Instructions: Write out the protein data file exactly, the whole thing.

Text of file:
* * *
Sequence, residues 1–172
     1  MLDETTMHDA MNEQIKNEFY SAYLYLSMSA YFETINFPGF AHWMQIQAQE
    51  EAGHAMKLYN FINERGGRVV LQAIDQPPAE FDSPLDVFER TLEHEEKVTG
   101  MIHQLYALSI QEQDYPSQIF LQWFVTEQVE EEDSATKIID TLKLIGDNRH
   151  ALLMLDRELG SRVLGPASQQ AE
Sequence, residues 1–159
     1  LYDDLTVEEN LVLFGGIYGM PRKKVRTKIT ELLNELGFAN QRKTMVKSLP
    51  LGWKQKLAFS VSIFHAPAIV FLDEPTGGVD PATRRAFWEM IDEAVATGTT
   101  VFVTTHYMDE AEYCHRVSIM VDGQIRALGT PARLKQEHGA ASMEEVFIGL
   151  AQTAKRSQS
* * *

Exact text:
Sequence, residues 1–172
     1  MLDETTMHDA MNEQIKNEFY SAYLYLSMSA YFETINFPGF AHWMQIQAQE
    51  EAGHAMKLYN FINERGGRVV LQAIDQPPAE FDSPLDVFER TLEHEEKVTG
   101  MIHQLYALSI QEQDYPSQIF LQWFVTEQVE EEDSATKIID TLKLIGDNRH
   151  ALLMLDRELG SRVLGPASQQ AE
Sequence, residues 1–159
     1  LYDDLTVEEN LVLFGGIYGM PRKKVRTKIT ELLNELGFAN QRKTMVKSLP
    51  LGWKQKLAFS VSIFHAPAIV FLDEPTGGVD PATRRAFWEM IDEAVATGTT
   101  VFVTTHYMDE AEYCHRVSIM VDGQIRALGT PARLKQEHGA ASMEEVFIGL
   151  AQTAKRSQS